Daily Archives: November 5, 2011

‘OLE ENGLAND’

‘OLE ENGLAND’

By EWALT AINSWORTH               11 03 2011

There is an old Guyanese maxim that “family cutlass does only bend but it don’t break,” may be a stress test for my uncle and aunt.  They have both lived their allotted times of three scores and ten and now their  political persuasions, retirement place of abode and determining an encore professions, are being left unanswered..  They have talked with a mental health team, their pastor, family, Lodge group, rolled the dice and have played ‘abna-babna lady sne, ocean portion sugar and tea; roast potato English tea out goes you.’

Just when they made a decision to move from current citadel in East Orange in a few days a time, up came the Guyana elections date to snarl all the plans.  The intuitive selves have informed them to stay put while a spiritual healer/contractor, is telling them to make another move.  They do not know who to believe and who to trust.    Continue reading

Musings of a Former Ambassador of African Descent – Cedric Joseph

INTERNATIONAL YEAR FOR PEOPLE OF AFRICAN DESCENT

STATEMENT PRESENTED AT THE MUSEUM OF AFRICAN HERITAGE

20 OCTOBER, 2011  BY: CEDRIC L JOSEPH, C.C.H. ————————————————————————————————————

MUSINGS OF A FORMER AMBASSADOR OF AFRICAN DESCENT: AN EXTINCT SPECIES.

It is unlikely that I should have ever ventured such a restrictive and invidious title for this talk had it not been officially advanced, perforce, at the highest level. In this International Year for People of African descent, committed to raising awareness of the challenges facing people of African descent, any commentary on the contribution of our Ambassadors of African descent should have been passing and integral to, rather than divorced from, the contributions of all other ethnic groups to maintaining and solidifying the integrity, territorial and otherwise, of this state of Guyana. A case for ethnic classification should never have existed. But, as in every aspect of our lives, such are the times.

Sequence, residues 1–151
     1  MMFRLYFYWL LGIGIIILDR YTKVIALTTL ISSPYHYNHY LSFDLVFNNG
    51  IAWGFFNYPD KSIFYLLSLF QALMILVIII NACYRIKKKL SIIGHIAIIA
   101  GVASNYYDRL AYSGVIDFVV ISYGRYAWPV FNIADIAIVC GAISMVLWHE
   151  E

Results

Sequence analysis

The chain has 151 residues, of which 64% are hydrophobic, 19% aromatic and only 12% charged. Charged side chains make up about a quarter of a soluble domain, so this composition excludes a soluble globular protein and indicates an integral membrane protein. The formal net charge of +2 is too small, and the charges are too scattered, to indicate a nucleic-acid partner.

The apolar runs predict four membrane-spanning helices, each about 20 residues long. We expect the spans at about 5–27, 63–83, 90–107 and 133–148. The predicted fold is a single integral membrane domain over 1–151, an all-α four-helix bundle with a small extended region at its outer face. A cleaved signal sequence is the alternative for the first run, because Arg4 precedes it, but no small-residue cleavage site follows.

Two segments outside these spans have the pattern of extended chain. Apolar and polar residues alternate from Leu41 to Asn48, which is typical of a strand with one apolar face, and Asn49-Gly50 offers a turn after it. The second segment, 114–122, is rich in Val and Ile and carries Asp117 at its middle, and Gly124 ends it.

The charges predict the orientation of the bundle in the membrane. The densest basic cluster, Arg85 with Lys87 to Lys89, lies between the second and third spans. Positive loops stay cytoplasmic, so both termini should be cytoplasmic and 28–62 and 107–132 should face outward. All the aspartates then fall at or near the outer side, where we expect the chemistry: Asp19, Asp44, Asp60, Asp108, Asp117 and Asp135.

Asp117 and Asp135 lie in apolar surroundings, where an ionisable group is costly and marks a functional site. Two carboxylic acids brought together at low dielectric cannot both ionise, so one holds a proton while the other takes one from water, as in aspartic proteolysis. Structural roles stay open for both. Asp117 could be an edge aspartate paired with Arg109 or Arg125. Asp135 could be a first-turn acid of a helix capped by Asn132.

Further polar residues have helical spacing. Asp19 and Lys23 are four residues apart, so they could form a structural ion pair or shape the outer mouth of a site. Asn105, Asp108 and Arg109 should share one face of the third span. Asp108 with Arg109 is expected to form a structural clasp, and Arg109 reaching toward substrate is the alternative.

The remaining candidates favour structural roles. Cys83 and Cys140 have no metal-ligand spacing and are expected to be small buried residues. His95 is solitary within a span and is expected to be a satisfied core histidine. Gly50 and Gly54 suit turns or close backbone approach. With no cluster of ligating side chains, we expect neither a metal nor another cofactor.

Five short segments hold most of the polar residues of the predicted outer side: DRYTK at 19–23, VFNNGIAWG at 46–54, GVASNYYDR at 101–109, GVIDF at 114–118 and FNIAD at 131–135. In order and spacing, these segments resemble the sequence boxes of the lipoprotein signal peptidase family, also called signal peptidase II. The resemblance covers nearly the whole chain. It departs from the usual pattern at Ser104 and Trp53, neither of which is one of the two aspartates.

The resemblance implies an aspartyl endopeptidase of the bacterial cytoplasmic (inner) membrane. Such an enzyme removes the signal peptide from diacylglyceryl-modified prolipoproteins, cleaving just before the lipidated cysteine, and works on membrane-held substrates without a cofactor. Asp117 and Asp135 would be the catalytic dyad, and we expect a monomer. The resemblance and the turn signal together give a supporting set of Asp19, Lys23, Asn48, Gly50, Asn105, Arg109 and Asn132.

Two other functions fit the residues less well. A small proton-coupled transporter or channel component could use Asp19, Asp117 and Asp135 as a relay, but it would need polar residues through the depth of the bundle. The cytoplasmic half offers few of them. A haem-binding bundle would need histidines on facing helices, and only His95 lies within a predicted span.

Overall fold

The eviction of those of African descent from the highest levels of the diplomatic service is not of current happenings. It was signaled early by the People’s Progressive Party (PPP), then in opposition, with its haranguing of the Foreign Service and consistent charges about “squandermania”. Immediately upon its accession to office in October 1992, the newly appointed Minister of Foreign Affairs, impassioned after the long wait of twenty eight years, undertook a tour of the Missions in North America. Continue reading

%d bloggers like this: